I loved an annual when I was a kid. They were staples in my Christmas stocking. Rupert The Bear courtesy of The Daily Express, Twinkle (oh how I hankered after a weekly copy!), The Beano (of course), and Jackie. As I grew older and my tastes changed, the annual was the one thing I could always rely on as a Christmas gift.
Annuals for children are a beloved literary tradition that dates back to the 19th century. But no, I'm not that old! These annual publications were typically hardcover books, often with colourful and illustrated covers, designed to be entertaining and informative for young readers.
The concept emerged in the early 19th century with the first well-known annual The Juvenile Forget-Me-Not published in 1823, edited by Frederic Shoberl. It contained stories, poems, and engravings, often with moral and educational themes.
In 1828, Frederick Warne published The Children's Friend, which was a precursor to the famous Beatrix Potter books. This annual introduced young readers to the world of Peter Rabbit and other beloved characters.
The Victorian era saw a boom in children's annuals, often with beautifully designed covers and illustrations. These books were typically published annually and were popular gifts for children during the holiday season. Some well-known annuals from this period included The Boy's Own Annual and The Girl's Own Annual.
The 20th century continued the tradition of children's annuals, and they evolved with changing times. They often featured comics, puzzles, games, and stories from popular authors and illustrators. My beloved Beano has been one of the most enduring brands, and I was surprised to see The Rupert Annual still available today although some of its peers including Famous Five Annual have gone by the wayside as the years have passed.
My kids have grown up with the Guinness World Records in their Christmas stocking. The idea for the Guinness World Records Annual originated from a debate between Sir Hugh Beaver, the MD of the Guinness Brewery, and his friends. The debate concerned the fastest game bird in Europe, and Sir Hugh realised that there was no reference book to settle such disputes. And so the book was born, it was published in 1955, quickly became a bestseller, and been popular ever since!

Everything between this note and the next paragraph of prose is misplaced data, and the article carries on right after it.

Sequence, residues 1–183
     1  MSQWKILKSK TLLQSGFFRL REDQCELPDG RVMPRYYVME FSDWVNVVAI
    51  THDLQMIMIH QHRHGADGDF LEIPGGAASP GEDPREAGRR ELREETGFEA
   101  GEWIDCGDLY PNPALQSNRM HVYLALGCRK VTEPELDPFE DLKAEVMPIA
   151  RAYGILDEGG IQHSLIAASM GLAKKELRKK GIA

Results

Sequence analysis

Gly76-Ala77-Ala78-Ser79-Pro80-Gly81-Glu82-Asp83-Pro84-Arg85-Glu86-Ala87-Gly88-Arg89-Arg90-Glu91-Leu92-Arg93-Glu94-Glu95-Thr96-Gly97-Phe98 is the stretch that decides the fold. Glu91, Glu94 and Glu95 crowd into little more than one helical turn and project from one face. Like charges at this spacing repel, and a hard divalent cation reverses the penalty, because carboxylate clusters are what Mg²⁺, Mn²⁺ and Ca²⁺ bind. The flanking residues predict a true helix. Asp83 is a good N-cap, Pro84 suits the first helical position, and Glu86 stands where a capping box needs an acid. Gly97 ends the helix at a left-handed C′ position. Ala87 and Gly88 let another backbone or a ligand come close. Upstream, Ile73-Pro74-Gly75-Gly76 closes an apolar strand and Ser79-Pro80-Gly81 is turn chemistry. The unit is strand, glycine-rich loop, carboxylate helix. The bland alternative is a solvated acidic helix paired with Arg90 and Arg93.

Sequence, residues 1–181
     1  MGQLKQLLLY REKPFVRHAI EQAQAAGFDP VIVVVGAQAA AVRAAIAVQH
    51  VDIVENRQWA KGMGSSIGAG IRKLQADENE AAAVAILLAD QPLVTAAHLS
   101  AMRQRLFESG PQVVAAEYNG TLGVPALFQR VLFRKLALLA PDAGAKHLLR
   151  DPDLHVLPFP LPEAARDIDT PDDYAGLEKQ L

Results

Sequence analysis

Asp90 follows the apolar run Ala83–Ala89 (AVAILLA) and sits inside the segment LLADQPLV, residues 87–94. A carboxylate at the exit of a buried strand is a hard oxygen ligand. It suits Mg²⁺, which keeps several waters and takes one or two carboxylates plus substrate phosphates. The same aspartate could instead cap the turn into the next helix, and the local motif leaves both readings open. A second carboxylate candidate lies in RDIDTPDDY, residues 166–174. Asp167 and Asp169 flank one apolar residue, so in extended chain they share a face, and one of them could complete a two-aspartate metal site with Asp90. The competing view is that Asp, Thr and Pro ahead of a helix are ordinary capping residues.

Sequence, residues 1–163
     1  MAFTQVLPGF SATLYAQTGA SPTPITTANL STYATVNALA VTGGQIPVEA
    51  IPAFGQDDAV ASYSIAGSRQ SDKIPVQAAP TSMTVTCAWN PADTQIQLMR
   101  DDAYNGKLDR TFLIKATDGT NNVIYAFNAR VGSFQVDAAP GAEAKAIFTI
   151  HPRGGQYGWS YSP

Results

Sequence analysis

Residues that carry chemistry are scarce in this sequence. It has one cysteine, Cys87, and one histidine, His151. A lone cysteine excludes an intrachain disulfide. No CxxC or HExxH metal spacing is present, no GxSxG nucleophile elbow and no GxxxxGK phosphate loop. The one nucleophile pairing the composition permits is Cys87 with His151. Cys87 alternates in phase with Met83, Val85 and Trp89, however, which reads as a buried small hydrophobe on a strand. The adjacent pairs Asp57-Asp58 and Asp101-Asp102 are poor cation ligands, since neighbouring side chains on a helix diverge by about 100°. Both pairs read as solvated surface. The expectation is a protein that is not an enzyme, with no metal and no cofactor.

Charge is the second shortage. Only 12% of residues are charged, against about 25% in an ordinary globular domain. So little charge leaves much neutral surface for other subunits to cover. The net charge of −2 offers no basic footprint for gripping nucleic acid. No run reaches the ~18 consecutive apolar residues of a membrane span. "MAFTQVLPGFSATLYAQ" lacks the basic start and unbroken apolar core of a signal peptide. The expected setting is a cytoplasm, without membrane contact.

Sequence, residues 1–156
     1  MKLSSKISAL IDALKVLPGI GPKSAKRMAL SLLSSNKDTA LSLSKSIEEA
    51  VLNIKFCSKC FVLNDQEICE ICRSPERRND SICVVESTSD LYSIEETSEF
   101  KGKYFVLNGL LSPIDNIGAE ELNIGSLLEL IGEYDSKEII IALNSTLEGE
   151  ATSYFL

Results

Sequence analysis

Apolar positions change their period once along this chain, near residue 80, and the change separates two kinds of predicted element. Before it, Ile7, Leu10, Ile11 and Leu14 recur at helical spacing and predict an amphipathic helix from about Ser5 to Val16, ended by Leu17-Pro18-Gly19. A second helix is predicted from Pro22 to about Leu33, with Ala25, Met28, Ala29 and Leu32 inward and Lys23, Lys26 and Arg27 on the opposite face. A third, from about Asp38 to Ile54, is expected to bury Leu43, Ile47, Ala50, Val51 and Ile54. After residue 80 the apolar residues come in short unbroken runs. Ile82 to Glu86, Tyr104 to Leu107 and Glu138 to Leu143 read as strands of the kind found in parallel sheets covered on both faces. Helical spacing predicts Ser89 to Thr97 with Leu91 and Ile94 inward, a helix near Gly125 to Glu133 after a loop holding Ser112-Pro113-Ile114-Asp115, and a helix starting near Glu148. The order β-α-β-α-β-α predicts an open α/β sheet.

Annuals haven't stood still and publishers keen to adapt have added annuals to their publishing schedules from some of today's favourite characters and brands, introducing our younger generations to the concept of annuals.
This list compiles some of our favourite for 2024, ripe for the picking for the child(ren) in your life. If, like me, you were once an annual fiend, scroll the list and select one for a Christmas stocking near you, this Christmas 2023.
You'll find stalwarts like Beano and The Dandy featured here of course.
There's of course Barbie, and Frozen and Disney Princesses all makinhg an appearance.
If facts and figures are top of the shop, then of course there's Guinness World Records. The theme of this year's edition is the Blue Planet so take the plunge and encounter bizarre and deadly sea creatures, swim through the largest coral reefs and explore the seabed for shipwrecks. National Geographic Kids' Weird But True! 2024 is bursting with bright, bold pictures and fascinating facts, and is non-fiction at its most accessible and energetic.
If you never had a pleasure of an annual, let's ensure this rich tradition continues for many years to come and they continue to hold a special place in the hearts of those who grew up with them and provide a glimpse into the changing tastes and interests of young readers throughout the years.
I'm going to put Beano on my Christmas list this year, just for old time's sake.